Texas Tech Research: Reaction to Mosaic Screens Differ with Ties to Teams

Sports broadcasting’s latest technology shows divided results.

Beginning Saturday (Dec. 15) there is a college football bowl game nearly every day or night until the Jan. 7 championship game – 35 of them in all – with broadcast advertising dollars and audience reach attached to them. With so many games and viewing choices, how do the networks keep fans engaged?

A Texas Tech University researcher has studied how one particularly novel broadcast technology addresses that challenge, and whether or not it works.

Glenn Cummins, an assistant professor in the College of Media and Communication looked at a method that showed the game using a mosaic format, where multiple camera angles were shown simultaneously.

His findings, “Can Visual Complexity Impact Appreciation of Mediated Sports? Team Identification and Viewer Response to a Complex Presentation of College Football,” were published in the International Journal of Sport Communication. His research team also included Ed Youngblood and Mike Milford, both of Auburn University.

“Networks use a variety of production techniques to sustain interest in a sports broadcast,” Cummins said. “These mosaic formats are becoming increasingly common for hard-core sports fans. For example, NFL’s GameMix channel lets football fanatics monitor eight games at once.”

The study tested how this visually complex format impacted the viewing experience for viewers who were die-hard fans of one of the teams depicted as well as those who didn’t have any ties to the team.

“To do this, we collected data both here at Texas Tech as well as at Auburn University,” Cummins said. “Students at both schools watched either a traditional game broadcast or the mosaic-style broadcast and rated how much they enjoyed the experience.”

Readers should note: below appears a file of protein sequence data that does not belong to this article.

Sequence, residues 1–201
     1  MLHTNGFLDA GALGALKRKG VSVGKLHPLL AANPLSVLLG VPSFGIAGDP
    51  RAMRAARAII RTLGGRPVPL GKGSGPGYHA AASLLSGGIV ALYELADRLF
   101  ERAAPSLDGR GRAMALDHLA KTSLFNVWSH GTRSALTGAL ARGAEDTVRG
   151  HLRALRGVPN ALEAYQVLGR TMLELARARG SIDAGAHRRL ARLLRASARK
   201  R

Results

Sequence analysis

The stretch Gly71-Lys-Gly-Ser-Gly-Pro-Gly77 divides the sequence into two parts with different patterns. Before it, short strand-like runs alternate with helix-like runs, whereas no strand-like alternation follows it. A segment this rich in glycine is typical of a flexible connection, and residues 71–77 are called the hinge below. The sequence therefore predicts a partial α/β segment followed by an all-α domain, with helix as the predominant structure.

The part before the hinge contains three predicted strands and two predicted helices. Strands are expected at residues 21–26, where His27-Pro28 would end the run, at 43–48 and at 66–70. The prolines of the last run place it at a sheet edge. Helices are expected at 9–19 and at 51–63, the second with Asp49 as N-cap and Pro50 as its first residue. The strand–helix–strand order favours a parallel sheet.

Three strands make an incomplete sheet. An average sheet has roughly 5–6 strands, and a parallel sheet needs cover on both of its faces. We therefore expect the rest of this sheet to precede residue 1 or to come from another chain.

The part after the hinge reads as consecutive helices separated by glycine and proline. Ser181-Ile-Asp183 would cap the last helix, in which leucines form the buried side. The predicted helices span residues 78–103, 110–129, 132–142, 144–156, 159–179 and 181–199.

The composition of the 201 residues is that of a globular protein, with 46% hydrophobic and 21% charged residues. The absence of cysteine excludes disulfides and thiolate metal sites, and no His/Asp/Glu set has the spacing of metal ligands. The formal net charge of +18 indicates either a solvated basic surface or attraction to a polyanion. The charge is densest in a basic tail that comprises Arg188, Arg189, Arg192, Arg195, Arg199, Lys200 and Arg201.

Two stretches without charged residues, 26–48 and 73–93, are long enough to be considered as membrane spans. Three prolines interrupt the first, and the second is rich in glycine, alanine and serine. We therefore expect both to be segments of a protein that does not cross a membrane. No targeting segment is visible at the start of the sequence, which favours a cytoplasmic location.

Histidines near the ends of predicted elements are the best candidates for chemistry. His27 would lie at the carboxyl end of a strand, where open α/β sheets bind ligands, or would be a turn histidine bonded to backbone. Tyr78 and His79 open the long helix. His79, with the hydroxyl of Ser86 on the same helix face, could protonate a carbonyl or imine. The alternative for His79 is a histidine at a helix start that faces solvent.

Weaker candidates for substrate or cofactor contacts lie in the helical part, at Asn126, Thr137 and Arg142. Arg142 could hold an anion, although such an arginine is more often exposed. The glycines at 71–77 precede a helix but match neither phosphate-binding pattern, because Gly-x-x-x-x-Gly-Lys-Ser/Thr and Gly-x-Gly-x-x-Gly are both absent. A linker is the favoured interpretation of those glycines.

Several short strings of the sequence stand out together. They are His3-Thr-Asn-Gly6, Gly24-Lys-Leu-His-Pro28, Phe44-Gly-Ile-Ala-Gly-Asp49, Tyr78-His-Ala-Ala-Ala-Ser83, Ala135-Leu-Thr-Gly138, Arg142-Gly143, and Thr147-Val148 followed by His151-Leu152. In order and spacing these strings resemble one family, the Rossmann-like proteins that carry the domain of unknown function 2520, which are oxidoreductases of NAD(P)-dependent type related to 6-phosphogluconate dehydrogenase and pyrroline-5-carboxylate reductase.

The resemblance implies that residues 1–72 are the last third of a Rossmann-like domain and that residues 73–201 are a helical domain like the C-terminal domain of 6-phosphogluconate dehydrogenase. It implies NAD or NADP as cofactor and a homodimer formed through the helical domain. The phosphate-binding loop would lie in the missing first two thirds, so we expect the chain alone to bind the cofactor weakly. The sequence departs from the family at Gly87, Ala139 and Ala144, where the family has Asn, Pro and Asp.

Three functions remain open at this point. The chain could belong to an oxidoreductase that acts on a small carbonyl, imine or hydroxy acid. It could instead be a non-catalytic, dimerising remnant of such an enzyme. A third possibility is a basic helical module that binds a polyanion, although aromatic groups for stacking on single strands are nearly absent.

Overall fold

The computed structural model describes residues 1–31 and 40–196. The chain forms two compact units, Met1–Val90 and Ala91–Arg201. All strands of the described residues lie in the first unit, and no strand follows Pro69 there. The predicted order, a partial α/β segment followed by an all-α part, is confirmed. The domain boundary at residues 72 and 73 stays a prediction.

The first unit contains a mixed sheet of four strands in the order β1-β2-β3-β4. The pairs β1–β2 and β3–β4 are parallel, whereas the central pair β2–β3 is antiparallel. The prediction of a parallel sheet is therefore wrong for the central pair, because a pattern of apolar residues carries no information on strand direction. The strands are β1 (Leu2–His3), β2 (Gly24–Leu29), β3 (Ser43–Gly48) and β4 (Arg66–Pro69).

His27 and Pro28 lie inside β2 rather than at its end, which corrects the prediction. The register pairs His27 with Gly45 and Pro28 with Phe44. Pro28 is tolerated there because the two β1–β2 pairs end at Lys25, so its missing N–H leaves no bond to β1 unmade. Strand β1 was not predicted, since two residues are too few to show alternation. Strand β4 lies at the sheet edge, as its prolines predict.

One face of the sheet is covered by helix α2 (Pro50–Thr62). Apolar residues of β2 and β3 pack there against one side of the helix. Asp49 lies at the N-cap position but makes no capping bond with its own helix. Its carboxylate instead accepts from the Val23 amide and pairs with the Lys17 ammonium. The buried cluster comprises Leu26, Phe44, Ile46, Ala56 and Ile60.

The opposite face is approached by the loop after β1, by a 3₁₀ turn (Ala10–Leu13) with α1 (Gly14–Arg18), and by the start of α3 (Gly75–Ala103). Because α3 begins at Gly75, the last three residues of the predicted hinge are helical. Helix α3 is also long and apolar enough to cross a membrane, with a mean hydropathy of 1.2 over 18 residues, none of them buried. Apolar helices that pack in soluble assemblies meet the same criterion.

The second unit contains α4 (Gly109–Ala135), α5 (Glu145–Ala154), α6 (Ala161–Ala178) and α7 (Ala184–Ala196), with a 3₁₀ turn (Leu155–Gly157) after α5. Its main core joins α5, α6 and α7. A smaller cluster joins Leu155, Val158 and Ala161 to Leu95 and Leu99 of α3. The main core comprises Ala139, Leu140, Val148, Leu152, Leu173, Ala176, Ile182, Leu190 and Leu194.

Cummins found that for viewers without ties to the teams, the visually complex mosaic format actually led to a more positive viewing experience compared to a traditional broadcast. But for viewers with strong ties to teams, the mosaic format was greatly disliked.

“All this speaks to networks’ growing desire to cater to different segments of the viewing audience and provide a viewing experience custom tailored to sports fans of all types,” Cummins said. “We’re seeing more and more of this technology in living rooms, and I think broadcasters are recognizing these changes in the viewing experience, and trying to come up with ways to capitalize on them.”

Using technological embellishments over a broadcast is useful for networks because there are so many things they can’t control. What they can control are the technological bells and whistles they put on top of a broadcast.

“If you think about any sport – football, baseball, gymnastics – there’s an awful lot of down time that has to be filled between events. So what broadcasters can do is find different things to fill in those lulls between actual moments of game competition,” he said.

Cummins said, looking at the history of sports broadcasting, there have been changes over time. Many people talked about how television changed sports; how sports changed television – the symbiotic relationship between television and sports. This is something that has had a lot of attention in scholarly literature for the past few decades.

“As viewers, we’ve become so accustomed to the first-down line, so accustomed to the game clock, and these other features that we see on sports, we can’t remember sports without these things,” Cummins said. “A few years from now it’s going to be the same thing – we can’t remember watching sports without these unique perspectives of game play.”

Find Texas Tech news, experts and story ideas at www.media.ttu.edu and on Twitter @TexasTechMedia.

CONTACT: Glenn Cummins, assistant professor, College of Mass Communications, Texas Tech University, (806) 834-3117, or glenn.cummins@ttu.edu.